We retrieved all gene expression data (GEO) and gene interaction data (IntAct, MPIDB, RegulonDB, Bacteriome and STRING, Table 2A) from ARepA for Bacillus subtilis, Escherichia coli and Pseudomonas aeruginosa. These were processed as above and standardized onto a shared gene identifier (UniRef90). Within each bacterium, these data were integrated into a species-specific functional network using an unsupervised data integration averaging across normalized co-expression values (z-scores) (Huttenhower et al., 2009) and extracting a high-confidence subgraph based on the probabilistic graph search algorithm (Huttenhower et al., 2009; Myers et al., 2005) (Text S1). This query (Huttenhower et al., 2008) started from a user-defined set of genes of the sec and tat genes and genes from the Type I, Type II, Type III, Type V, and Type VI secretion systems (Table S4) and used a neighbourhood size of k = 5 for each subgraph extraction. As Gram-positive bacteria use only the general secretory (sec) pathway and the tat pathway, we used two tat genes and nine sec genes as the query gene set in B. subtilis. In contrast, E. coli, a Gram-negative bacterium, employs an additional secretion system (Type II secretion system) and has one type I gene (TolC); thus, we used four tat genes, twelve sec genes, one type I gene, and twelve type II genes as a query gene set in E. coli. P. aeruginosa, another Gram-negative bacterium, additionally utilizes the type I, type III , type V, and type VI secretion systems, so we defined our query gene set of three tat genes, nine sec genes, two type I genes, eleven type II genes, twelve type III genes, one type V gene, and eight type VI genes for retrieving a species-specific high-confidence network in P. aeruginosa. We recovered networks of 16 genes for B. subtilis (Fig. 4A), 34 genes for E. coli (Fig. 4B), and 49 genes for P. aeruginosa (Fig. 4C), which showed clustering of secretion types conserved across species.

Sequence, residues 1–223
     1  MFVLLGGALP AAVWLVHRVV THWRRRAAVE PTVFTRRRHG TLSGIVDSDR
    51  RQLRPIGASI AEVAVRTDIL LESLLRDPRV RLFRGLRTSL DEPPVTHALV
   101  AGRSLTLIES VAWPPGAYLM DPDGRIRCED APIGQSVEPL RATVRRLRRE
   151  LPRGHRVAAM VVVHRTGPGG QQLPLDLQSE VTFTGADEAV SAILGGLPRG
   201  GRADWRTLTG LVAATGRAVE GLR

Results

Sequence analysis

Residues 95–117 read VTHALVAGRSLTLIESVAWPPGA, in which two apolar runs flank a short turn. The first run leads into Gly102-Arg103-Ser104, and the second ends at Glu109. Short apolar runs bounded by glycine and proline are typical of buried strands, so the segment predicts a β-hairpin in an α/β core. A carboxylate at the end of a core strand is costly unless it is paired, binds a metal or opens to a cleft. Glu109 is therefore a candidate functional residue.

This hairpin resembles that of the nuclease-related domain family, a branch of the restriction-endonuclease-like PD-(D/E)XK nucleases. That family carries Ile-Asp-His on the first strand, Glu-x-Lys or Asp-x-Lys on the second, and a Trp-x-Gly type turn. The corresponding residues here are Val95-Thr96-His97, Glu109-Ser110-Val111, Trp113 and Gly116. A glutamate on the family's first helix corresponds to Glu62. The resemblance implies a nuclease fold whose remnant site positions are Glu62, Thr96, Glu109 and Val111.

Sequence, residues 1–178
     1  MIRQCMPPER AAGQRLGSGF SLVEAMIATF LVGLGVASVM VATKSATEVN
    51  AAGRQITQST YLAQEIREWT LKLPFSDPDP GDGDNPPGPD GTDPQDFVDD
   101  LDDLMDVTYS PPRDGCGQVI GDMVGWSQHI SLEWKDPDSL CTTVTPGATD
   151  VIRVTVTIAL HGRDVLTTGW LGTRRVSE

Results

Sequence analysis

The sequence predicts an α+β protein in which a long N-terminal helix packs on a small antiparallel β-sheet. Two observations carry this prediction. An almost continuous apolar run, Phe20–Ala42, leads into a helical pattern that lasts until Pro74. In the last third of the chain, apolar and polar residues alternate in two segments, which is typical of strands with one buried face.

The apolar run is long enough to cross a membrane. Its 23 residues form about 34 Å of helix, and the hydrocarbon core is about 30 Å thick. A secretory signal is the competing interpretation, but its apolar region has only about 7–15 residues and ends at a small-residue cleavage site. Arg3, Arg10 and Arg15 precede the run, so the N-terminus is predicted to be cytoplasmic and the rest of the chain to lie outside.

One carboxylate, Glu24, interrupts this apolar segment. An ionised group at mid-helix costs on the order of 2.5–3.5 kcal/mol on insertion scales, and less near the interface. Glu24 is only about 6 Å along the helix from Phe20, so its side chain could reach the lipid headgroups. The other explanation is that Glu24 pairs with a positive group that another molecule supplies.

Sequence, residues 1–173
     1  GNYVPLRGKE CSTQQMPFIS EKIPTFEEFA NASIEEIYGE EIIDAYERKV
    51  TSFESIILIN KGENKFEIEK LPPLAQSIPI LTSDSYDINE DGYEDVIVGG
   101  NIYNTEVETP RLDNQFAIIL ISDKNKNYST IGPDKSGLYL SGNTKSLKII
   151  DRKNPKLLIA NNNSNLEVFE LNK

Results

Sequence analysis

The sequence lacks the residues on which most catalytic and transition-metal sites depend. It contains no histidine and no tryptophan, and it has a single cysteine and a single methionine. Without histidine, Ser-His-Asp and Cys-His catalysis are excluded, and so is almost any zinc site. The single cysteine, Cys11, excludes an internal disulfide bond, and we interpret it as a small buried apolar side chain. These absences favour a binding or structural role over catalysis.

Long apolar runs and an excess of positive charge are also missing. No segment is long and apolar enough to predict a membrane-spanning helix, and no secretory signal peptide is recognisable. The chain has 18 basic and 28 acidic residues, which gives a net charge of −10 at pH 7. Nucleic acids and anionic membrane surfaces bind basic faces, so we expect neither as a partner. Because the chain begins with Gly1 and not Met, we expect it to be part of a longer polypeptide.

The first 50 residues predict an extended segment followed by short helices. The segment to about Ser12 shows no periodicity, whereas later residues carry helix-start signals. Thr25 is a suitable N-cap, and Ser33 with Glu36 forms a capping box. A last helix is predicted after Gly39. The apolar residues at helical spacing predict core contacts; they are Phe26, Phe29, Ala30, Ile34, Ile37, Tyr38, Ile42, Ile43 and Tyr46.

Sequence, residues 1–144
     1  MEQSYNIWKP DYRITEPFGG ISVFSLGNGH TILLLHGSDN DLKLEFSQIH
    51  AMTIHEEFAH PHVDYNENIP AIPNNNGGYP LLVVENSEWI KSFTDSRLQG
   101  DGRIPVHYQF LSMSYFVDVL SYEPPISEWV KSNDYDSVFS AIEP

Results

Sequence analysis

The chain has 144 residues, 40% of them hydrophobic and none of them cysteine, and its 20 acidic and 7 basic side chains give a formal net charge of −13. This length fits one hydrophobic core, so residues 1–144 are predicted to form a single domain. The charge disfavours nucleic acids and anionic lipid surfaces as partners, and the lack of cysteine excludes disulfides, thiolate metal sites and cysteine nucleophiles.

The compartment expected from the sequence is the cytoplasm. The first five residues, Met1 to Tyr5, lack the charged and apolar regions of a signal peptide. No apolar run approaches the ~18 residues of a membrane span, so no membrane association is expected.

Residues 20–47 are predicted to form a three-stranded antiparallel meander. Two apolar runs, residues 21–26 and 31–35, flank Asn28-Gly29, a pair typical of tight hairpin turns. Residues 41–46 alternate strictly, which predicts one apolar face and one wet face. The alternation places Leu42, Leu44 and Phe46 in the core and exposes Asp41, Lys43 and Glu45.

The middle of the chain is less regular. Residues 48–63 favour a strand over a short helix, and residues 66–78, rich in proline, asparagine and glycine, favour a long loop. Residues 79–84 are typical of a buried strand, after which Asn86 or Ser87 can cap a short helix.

ARepA is designed around “dedicated” and “shared” processing modules. Dedicated modules download and process raw data from individual public repositories, while shared modules process the resulting data into standardized formats and aid key steps common to multiple dedicated modules. This enables ARepA to customize the unique aspects of individual public repositories’ interfaces while sharing consistent information across all repositories, such as systematic identifiers for taxonomy, genes, and metadata.
Each repository in ARepA is implemented as one dedicated module, all of which share a similar design template. The main shared module typically executed in any dedicated module is the GeneMapper, which installs and initializes the BridgeDB package (BatchMapper command line tool) (Van Iersel et al., 2010) to map gene identifier consistently across all data types after data retrieval. Later in each repository’s processing steps, the shared Package module is executed to export all output data (such as expression datasets, networks, and metadata) into R data files, in addition to tab-delimited text, enabling an easy access to the data for downstream analysis.
ARepA is implemented in Python and is based on the SCons tool for dependency-driven modular computing. SCons ensures that data processing is efficient (i.e., on an as-needed basis), modular (necessary processing steps for each repository and data product are isolated), and simple (a single command is used to retrieve and integrate all requested data). Therefore, new data are only generated when necessary due to changes in an upstream element, such as new data versions or availability. These changes may include updates to remote data or metadata (e.g. file size or timestamp changes), modifications to the requested processing steps (scripts or configuration files), or changes to the ARepA configuration itself.
ARepA filesystem and configuration